But rather than snoozing in sculpted gardens and hanging around mossy fountains at the well-staffed Italian villas, Getty would rather work for a living - which he has done from the age of 13, when the actor started work on "Lord of the Flies."
Many films later, he turned his attention to television series, including the last season of "Alias" as rogue CIA agent Thomas Grace. He is currently a leading man in the ensemble cast of "Brothers & Sisters," a drama series catching fire after a relatively slow start. He portrays Tommy Walker, the stand-up son of Nora Holden (Sally Field). His four siblings are played by Calista Flockhart, Rachel Griffiths, Matthew Rhys and Dave Annable.
As the first 26 episodes of the prime-time soap draw to a close, Tommy Walker has a major headache - he is infertile and his two brothers, Justin and Kevin, donated sperm to his wife, Julia (Sarah Jane Morris), for a successful artificial insemination procedure. Now that she is carrying twins, how big a role morally and legally should his male siblings have in the child's environment?
Although groomed by late patriarch William Walker (Tom Skerritt) to take over what turns out to be the family's fading food distribution company, Tommy soon opts out of the firm in favor or partnering with his dad's mysterious mistress, Holly (Patricia Wetting) in a nearby winery. And then his life becomes complicated.
The personable actor is used to family turmoil.
"I had hippies for parents," said the son of German-born mother Gisela and American-born father, J. Paul Getty III. "Born in Hollywood, I went to certain schools as a kid and was raised as a vegetarian by my artist and Buddhist mother."
He prefers "not to talk at length" about his father, who was physically and emotionally scarred for life after being kidnapped by brutal Mafiosi during a visit to Italy in 1973. Once his grandfather's favorite, young Getty III, only 17 at the time, hoped the serious matter could be resolved immediately. However, the founder of Getty Oil and other highly successful business ventures reportedly refused to pay the $3.4 million ransom demand until the sadistic captors sliced off the boy's ear and sent it to an Italian newspaper.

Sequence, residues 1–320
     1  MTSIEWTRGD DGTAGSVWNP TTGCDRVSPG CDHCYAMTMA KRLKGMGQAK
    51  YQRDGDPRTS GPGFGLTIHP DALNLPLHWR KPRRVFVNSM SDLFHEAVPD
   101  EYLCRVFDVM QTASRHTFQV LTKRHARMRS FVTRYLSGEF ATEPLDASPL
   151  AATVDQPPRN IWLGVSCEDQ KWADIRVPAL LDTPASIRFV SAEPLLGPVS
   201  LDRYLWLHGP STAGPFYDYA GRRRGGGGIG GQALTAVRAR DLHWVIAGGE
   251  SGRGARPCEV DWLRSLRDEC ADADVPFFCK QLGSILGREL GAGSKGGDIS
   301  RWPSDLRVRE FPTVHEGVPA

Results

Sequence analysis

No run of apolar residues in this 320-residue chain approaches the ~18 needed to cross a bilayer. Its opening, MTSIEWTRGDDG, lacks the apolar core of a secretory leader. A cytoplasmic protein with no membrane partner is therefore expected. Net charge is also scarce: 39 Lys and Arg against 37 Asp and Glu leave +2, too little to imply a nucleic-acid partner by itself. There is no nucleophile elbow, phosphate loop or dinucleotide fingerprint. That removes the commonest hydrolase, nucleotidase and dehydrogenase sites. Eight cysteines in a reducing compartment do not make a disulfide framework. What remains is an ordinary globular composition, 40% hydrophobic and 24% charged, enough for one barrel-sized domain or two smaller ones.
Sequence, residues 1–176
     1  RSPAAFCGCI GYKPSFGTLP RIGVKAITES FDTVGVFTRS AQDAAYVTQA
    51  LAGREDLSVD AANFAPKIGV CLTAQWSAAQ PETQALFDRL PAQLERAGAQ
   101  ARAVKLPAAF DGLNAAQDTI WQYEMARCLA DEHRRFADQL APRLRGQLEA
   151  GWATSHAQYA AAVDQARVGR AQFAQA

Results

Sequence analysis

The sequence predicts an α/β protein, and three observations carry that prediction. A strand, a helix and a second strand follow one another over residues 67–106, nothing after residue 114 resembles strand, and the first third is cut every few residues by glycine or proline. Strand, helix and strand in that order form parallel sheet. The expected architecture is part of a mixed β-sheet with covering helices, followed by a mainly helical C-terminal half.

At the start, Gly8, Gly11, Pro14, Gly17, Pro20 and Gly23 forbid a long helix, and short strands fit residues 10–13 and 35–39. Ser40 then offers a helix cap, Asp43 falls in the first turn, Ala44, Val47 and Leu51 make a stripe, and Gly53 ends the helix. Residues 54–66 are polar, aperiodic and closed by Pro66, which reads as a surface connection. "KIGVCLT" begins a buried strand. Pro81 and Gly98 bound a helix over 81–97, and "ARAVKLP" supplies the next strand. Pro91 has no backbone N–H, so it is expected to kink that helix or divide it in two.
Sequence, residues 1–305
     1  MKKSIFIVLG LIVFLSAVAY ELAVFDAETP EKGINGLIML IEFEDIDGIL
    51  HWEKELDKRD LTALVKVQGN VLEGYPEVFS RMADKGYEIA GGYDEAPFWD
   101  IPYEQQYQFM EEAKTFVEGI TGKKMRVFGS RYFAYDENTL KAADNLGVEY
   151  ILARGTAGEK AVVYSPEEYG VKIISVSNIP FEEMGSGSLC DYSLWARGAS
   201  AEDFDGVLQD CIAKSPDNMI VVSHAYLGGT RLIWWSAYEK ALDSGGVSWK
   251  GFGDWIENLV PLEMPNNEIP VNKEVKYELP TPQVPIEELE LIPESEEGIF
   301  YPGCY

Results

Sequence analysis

Getty's parents split up when he was very young and he was raised by his mother in San Francisco until the age of 13, when he returned to L.A. to live with his father for a while. He was a student at Hollywood's Excelsior, a performing arts high school, when picked out of a crowd to play Ralph in "Lord of the Flies."
"It just kind of happened," he said, laughing. "The producers went to various schools and picked kids randomly. I wanted to be many things growing up, but an actor was one of them. I wound up in Jamaica for four months with 20 kids who hadn't acted before either. There wasn't much parental guidance, so we wound up as wild kids running amuck in this film as well as in real life."
After "creating a buzz," Getty wound up in an episode of "Nightmare Classics," followed by such motion pictures as "Young Guns II," "Natural Born Killers," "Mr. Holland's Opus" and "Lost Highway." He also had regular or recurring roles in TV projects that include "Traffic," "Charmed," "Pasadena" and "Into the West." "The Tripper," "Feast" and "West of Brooklyn" are films scheduled for release this year.
With a very promising career ahead of him, Getty also struggled with substance abuse before a lifelong friend helped him pull out of the downward spiral more than a decade ago. More help was on the way when he married fashion designer Rosetta Millington in 2000. She is now the mother of Cassius, Grace and Violet, ranging in age from 3 to 6, with one more on the way this fall.
The brood lives in a 1950s Hollywood Hills mansion with a terrific view of Los Angeles, which will be improved shortly with two second-story bedrooms and a hot tub added to the swimming pool. The guest house has already been converted to a studio for Rosetta's Riser Goodwyn clothing line, and Getty's rehearsal studio for his band, Ringside.
"We love hanging around this house on a daily basis, but meet up with the large Getty family twice a year in Europe," he explained. "They're Americans, but live all over the place. Italy, Germany, England, Ireland."